review: Headie One – GANG

This is no ordinary record. Specifically, this is no ordinary drill record. Starting with a pulsing synth and light piano decorating the start of GANG, Headie One & Fred again… are telling us what Headie’s been told, and what he wants to say back.

From the first track, Headie spits “I walk a thin line between music and road”. This is not a new situation for drill musicians. From drill artists having lyrics screened by the MET Police to the arrest of Skengo and AM for performing a specific song or the myriad references to drugs, guns, knives, brotherhood and rivalries forming the bedrock of drill, Headie One acknowledges that the line between the life outside of his music on road, and the route to escaping that life are intertwined. For the experiences associated with drill conjure the lyrics, the production and the musicians that create the music.

In GANG, Headie covers all the topics that you’d expect from a drill record – time in prison, life on the road, . But the sentiment and experience Headie speaks about is elevated by the playful production brought in by Fred again… Make no mistake; Headie One is a master in his field, and his work with Fred Again… takes him to the next level. GANG rings differently, somehow. It feels considered, mature, but still exploratory and experimental.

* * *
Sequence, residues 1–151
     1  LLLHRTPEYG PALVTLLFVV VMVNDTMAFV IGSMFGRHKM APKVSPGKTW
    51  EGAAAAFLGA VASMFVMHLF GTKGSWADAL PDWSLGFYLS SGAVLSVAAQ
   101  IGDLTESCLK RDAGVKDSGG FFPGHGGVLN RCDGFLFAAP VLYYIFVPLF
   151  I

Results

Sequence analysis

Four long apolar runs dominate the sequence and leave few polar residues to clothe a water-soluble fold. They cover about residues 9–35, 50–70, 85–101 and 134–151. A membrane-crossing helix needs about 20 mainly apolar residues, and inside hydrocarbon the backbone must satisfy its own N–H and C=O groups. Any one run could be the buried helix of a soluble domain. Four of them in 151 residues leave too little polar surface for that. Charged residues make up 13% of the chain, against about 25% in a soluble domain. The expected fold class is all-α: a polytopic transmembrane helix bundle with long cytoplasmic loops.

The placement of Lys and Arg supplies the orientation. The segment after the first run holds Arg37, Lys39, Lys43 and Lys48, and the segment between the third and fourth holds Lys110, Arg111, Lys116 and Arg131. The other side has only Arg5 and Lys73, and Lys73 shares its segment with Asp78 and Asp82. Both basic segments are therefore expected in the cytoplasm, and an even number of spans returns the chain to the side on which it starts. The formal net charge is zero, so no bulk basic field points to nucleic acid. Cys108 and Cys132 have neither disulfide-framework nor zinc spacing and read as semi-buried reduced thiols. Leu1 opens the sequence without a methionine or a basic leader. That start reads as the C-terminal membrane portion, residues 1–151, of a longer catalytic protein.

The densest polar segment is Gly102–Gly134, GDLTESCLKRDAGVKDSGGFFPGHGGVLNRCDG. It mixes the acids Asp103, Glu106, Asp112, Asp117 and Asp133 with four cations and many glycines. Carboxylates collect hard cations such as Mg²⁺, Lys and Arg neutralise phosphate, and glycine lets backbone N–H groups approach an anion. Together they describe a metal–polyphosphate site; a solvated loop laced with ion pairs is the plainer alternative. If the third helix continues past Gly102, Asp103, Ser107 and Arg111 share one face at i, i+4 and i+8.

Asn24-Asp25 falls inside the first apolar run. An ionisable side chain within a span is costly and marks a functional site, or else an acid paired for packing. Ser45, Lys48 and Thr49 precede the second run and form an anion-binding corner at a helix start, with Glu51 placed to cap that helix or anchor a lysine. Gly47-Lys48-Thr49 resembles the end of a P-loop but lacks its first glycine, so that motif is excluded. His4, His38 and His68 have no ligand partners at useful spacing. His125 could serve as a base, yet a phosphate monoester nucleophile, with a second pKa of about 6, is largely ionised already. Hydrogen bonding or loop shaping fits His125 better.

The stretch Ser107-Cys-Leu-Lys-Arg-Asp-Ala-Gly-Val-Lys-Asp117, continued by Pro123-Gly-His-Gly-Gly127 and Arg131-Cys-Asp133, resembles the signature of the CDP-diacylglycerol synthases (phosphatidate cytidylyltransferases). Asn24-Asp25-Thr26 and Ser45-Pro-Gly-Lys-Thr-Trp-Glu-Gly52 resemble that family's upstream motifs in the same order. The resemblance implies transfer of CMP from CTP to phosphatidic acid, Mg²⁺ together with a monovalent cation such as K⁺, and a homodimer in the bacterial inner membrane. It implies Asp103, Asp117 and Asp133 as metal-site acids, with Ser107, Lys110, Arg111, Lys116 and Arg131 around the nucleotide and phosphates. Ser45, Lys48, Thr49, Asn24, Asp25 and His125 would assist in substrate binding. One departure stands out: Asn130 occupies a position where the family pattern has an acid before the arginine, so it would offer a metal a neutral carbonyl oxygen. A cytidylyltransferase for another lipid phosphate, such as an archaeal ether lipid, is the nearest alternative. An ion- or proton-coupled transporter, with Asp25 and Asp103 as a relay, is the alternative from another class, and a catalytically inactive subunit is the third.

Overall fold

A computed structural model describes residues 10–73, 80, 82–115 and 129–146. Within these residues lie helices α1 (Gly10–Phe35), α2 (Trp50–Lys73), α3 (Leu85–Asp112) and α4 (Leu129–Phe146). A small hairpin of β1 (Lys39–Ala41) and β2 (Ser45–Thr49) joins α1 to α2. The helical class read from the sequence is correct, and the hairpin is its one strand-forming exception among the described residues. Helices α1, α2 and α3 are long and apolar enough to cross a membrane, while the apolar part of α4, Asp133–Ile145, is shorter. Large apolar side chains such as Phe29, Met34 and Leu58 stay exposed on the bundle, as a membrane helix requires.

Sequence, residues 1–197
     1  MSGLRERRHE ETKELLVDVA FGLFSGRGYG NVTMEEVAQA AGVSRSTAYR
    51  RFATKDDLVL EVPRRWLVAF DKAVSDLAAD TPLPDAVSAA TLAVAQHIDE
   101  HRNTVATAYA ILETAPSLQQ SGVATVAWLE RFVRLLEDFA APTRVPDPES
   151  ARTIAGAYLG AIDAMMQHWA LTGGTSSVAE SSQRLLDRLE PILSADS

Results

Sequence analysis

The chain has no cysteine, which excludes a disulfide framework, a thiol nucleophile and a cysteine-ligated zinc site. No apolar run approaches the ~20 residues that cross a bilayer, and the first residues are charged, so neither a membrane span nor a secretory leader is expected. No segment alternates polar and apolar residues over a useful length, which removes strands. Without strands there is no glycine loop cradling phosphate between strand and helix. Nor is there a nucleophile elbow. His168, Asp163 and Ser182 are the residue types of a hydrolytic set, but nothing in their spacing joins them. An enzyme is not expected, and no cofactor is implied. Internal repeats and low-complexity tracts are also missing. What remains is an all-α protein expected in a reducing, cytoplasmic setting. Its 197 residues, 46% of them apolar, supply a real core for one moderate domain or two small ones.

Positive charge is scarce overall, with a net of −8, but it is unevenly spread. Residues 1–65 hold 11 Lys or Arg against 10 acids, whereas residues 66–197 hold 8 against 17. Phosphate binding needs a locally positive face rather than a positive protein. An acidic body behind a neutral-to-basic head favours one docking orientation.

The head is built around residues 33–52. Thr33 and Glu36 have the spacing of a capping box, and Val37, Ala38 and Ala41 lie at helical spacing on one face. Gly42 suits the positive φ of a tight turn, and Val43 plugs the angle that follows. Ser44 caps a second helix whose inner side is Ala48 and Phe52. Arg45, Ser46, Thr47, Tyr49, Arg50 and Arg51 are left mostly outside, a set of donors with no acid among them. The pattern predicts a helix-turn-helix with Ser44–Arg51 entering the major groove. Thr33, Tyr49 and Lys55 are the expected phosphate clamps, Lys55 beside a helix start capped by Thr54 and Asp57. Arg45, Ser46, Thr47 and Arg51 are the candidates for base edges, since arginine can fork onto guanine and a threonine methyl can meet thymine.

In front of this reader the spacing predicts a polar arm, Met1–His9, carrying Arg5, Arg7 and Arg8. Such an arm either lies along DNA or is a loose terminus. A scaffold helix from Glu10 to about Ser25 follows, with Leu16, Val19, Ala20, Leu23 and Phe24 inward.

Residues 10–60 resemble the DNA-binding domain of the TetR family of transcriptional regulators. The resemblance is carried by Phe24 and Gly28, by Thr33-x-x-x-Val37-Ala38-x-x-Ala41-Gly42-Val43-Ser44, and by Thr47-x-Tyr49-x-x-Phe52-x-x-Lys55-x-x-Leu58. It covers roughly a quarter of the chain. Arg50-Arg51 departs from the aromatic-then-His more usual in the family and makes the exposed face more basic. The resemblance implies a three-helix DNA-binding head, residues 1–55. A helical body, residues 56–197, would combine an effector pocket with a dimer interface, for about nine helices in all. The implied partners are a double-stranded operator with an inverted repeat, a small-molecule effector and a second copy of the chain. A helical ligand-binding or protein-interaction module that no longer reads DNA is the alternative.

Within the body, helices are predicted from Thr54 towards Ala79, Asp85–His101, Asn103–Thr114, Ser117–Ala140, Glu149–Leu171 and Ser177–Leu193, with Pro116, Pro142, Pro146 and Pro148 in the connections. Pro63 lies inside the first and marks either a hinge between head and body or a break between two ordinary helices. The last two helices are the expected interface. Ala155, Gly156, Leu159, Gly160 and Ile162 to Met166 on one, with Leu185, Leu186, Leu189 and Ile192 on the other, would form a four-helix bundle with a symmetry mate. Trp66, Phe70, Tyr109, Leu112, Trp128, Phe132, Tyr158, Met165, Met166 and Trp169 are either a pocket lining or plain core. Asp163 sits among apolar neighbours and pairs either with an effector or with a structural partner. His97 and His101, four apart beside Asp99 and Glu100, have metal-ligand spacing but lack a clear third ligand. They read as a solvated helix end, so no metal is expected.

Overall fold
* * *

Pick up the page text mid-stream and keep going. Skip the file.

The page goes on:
What’s sparkling about this album is the way in which it’s moving forward with each song. Headie One is prolific, having released two albums in as many years. But with this mixtape, he moves towards a more experimental sound. Some of his drill sensibilities remain; the lyrics & the way he spits bring a drill spin to this record. But his collaborators on this album – Sampha, Jamie XX and FKA Twigs – as well as his producer, Fred again… nod towards a future where the heart of drill finds itself under different guises. You can have drill which is cold, raw, chilling and full of production. You can also have drill which adopts facets of other genres to elevate itself to a level which takes you by surprise. Musicians that keep you on your toes are always good in my book.

What you get with GANG is an mixtape which is vulnerable, introspective. The bravado that you find in drill has taken a back seat for a moment. In its place, you hear a voice that is cognizant, that is impassioned and looking to be heard. The world is listening now, Headie.

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